As the battered Union right flank started to crumble at Gaines Mill around 5 p.m., Friday, June 27, 1862, Brig. Gen. Henry W. Slocum had poured in all his reserves …
… including the 2nd Brigade commanded by Col. Joseph J. Bartlett.
A brave man who rode his horse amidst the flying Confederate lead, Bartlett had just brought the 16th New York to the battle line near the McGehee Farm. Then the 96th Pennsylvania had failed to advance (Bartlett blamed line officers deterred by “the murderous fire across the plain”), so the 5th Maine Infantry Regiment of Col. Nathaniel Jackson must fill the gap.
Away the Maine boys went.
As “the whistling bullets chimed music to the soldier’s ear,” the 5th Maine lads stepped off with Jackson presenting a large target atop his horse, noticed 1st Lt. George Bicknell. He and his men of Co. K advanced firmly with “no short, timid step.”
From the saddle, Joe Bartlett watched while the Maine “regiment … changed its front in the most soldierly manner, and under the sweeping storm of iron and leaden hail sent up their battle-shout and rushed upon the enemy.” He rode alongside the advancing 5th Maine.
Nathaniel Jackson rode past and waved his two lines toward the enemy. In the brief silences between enemy volleys, Bicknell could hear the swish, swish, swish as Maine men marched through growing grass. Bullets thudded into a Maine lad here and there, but the lines kept “on—now quicker—quicker still,” Bicknell said, keeping pace with his company.
“No one seemed to breathe,” then the regiment charged, and “the brow of the hill was ours,” he exulted.
A bullet struck and wounded Jackson; Lt. Col. William S. Heath of Waterville took command as the 5th Maine boys opened fire on the Confederate troops, pulled back sufficiently far to regroup.
Bartlett summoned the 27th New York to form alongside the 5th Maine, and the 96th Pennsylvanians finally came up. Reinforced enemy brigades advanced toward the 2nd Brigade; amidst heavy firing, Heath noticed that the farm house and outbuildings (likely those comprising the McGehee Farm) had separated four companies — I, G, C, and H — from the other six companies.
Riding up to the four companies, Heath ordered them to “move … to the left and perfect the line.” Suddenly “shot directly through the brain,” Heath fell from his horse “without uttering a groan,” Bicknell said.
Comrades bore the dead Heath away. Left beneath a tree, the body was never recovered; Heath went into an unmarked grave, if buried at all.
With Maj. Edward S. Scamman of Portland sick in an army hospital, “here we were in a terrific fight, without a field-officer in command,” Bicknell realized. Surviving line officers rallied their companies and continued the battle; regimental command fell to Clark S. Edwards, the senior captain.
Each soldier fought “on his own responsibility,” according to Bicknell. “Comrade after comrade fell upon either side, yet there was no faltering.” Two Maine companies charged with bayonets to chase away Confederates gathering on the regiment’s left flank, and “still the battle raged, and still we held our position,” Bicknell said.
Fighting raged all along the Union lines, almost 2½ miles in length. Slocum’s three brigades were helping hold — just barely — the Union right flank as Confederate troops broke the Union right flank along Boatswain’s Creek.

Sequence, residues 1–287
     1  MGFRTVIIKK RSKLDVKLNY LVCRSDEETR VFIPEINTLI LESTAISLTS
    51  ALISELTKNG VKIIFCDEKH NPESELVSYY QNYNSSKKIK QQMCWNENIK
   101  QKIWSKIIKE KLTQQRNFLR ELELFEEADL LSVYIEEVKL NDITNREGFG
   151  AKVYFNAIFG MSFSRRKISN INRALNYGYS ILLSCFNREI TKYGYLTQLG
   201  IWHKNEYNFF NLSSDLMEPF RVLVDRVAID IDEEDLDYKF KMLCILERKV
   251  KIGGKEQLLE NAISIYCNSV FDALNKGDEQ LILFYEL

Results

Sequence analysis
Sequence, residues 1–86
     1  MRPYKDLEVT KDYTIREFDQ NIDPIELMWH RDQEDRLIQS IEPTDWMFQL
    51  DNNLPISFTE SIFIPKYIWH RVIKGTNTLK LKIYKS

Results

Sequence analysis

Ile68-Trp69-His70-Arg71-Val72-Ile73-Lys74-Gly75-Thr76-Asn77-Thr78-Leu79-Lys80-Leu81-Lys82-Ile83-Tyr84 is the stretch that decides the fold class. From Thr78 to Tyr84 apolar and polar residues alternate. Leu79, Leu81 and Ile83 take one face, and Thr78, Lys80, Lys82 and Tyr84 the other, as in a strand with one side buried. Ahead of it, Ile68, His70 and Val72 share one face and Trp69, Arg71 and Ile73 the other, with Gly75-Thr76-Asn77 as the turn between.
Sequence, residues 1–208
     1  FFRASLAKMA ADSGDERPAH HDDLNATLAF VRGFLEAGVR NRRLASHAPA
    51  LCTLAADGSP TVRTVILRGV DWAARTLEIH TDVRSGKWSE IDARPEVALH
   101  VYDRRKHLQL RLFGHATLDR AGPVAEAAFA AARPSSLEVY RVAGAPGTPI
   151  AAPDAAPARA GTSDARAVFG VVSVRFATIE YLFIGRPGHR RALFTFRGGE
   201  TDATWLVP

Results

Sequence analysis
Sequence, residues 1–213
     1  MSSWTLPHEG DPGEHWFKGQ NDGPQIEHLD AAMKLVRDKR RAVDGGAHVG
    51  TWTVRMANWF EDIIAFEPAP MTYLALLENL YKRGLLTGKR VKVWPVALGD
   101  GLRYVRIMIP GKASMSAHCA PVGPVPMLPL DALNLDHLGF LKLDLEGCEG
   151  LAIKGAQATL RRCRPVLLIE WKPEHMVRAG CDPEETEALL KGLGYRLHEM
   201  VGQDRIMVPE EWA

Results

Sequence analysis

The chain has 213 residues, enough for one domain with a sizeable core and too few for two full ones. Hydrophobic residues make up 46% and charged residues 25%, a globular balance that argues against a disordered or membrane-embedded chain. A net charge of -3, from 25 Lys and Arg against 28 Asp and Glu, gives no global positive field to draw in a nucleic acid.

Bartlett’s 2nd Brigade was still on the firing line. More Confederate troops hit the brigade; on its left flank, the 27th New York and 5th Maine “staggered back under the fearful fire,” and Bartlett scurried over to harangue his men.
Stabilizing their lines, they “nobly maintained the fight, without giving an inch of ground … until long after darkness showed the flash of every musket,” he said.
The 5th Maine boys continued fighting near the McGehee farm. More Confederate brigades deployed into line; “about sunset the fire came too hot,” admitted Bicknell, surprised that he remained intact.
“It was more than flesh and blood could resist, and backward the men began to fall,” he noticed.
Around 8:30 p.m., as his men pulled back with their ammunition almost expended, Bartlett noticed a regiment’s flag left behind by bullet-tossed color bearers. “Brave as a lion,” Bartlett “came dashing up amid a perfect shower of bullets,” Bicknell said.
“Boys, don’t leave your colors,” yelled Bartlett, believing the flag was the 5th Maine‘s. “About face!”
“Back the boys charged with a perfect yell, gained the colors, and held … the position” until told to pull back, Bicknell said.
The 2nd Brigade withdrew quickly across the Chickahominy River at Alexander’s Bridge; Bicknell figured he reached the right bank about 9 p.m. Hours later his men fell asleep at the campground they had left early Thursday morning.
“The loss in the whole army was terrible,” Bicknell said. The 5th Maine had lost 10 men killed and 69 men wounded, he noted. Another 16 men were missing.#
Temporarily transferred to command the 5th Maine Infantry due to its lack of staff officers, Lt. Col. Jacob Frick of the 96th Pennsylvania Infantry reported a final total of seven officers and 59 “enlisted men” killed or wounded in the Maine unit. Although the regiment had “received a very galling fire from a greatly superior force,” the “officers and men behaved nobly,” he reported.
Bartlett reported “the loss of 500 officers and men” in his brigade; the 16th New York reported 201 casualties, the 27th New York lost 151 men, and the 96th Pennsylvania 87 men dead, wounded, or missing. Adding the 66 men lost in the 5th Maine, and Bartlett’s initial estimate of losses was very close; the 2nd Brigade officially reported 505 casualties.
Bartlett described all his warriors as “brave, energetic, and efficient.”
Brian Swartz can be reached at email@example.com. He loves hearing from Civil War buffs interested in Maine’s involvement in the war.